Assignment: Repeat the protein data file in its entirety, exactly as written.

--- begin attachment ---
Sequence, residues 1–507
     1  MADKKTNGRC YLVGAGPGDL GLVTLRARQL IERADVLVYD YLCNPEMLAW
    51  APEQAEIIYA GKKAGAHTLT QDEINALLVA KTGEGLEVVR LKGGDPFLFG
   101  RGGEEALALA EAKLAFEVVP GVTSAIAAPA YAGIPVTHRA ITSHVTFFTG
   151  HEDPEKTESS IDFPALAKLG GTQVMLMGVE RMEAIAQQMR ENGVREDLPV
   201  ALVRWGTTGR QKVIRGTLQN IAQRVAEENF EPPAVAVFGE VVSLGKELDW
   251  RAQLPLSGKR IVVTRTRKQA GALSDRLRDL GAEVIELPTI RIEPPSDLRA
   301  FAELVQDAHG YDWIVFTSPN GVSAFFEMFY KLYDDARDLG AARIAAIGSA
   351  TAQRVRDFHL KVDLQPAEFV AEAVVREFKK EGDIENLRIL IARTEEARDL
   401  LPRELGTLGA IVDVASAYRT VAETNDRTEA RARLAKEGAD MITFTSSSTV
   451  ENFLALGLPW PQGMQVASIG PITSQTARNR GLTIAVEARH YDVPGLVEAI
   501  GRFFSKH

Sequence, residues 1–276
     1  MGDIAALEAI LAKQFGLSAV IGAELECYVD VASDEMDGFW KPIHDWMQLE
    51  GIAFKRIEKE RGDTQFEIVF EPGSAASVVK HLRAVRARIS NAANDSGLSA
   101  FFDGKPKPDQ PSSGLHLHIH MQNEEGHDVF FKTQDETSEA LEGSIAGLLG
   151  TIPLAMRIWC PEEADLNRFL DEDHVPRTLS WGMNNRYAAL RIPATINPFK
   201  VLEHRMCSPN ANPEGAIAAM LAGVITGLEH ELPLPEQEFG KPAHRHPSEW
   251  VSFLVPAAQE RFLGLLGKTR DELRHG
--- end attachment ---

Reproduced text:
Sequence, residues 1–507
     1  MADKKTNGRC YLVGAGPGDL GLVTLRARQL IERADVLVYD YLCNPEMLAW
    51  APEQAEIIYA GKKAGAHTLT QDEINALLVA KTGEGLEVVR LKGGDPFLFG
   101  RGGEEALALA EAKLAFEVVP GVTSAIAAPA YAGIPVTHRA ITSHVTFFTG
   151  HEDPEKTESS IDFPALAKLG GTQVMLMGVE RMEAIAQQMR ENGVREDLPV
   201  ALVRWGTTGR QKVIRGTLQN IAQRVAEENF EPPAVAVFGE VVSLGKELDW
   251  RAQLPLSGKR IVVTRTRKQA GALSDRLRDL GAEVIELPTI RIEPPSDLRA
   301  FAELVQDAHG YDWIVFTSPN GVSAFFEMFY KLYDDARDLG AARIAAIGSA
   351  TAQRVRDFHL KVDLQPAEFV AEAVVREFKK EGDIENLRIL IARTEEARDL
   401  LPRELGTLGA IVDVASAYRT VAETNDRTEA RARLAKEGAD MITFTSSSTV
   451  ENFLALGLPW PQGMQVASIG PITSQTARNR GLTIAVEARH YDVPGLVEAI
   501  GRFFSKH

Sequence, residues 1–276
     1  MGDIAALEAI LAKQFGLSAV IGAELECYVD VASDEMDGFW KPIHDWMQLE
    51  GIAFKRIEKE RGDTQFEIVF EPGSAASVVK HLRAVRARIS NAANDSGLSA
   101  FFDGKPKPDQ PSSGLHLHIH MQNEEGHDVF FKTQDETSEA LEGSIAGLLG
   151  TIPLAMRIWC PEEADLNRFL DEDHVPRTLS WGMNNRYAAL RIPATINPFK
   201  VLEHRMCSPN ANPEGAIAAM LAGVITGLEH ELPLPEQEFG KPAHRHPSEW
   251  VSFLVPAAQE RFLGLLGKTR DELRHG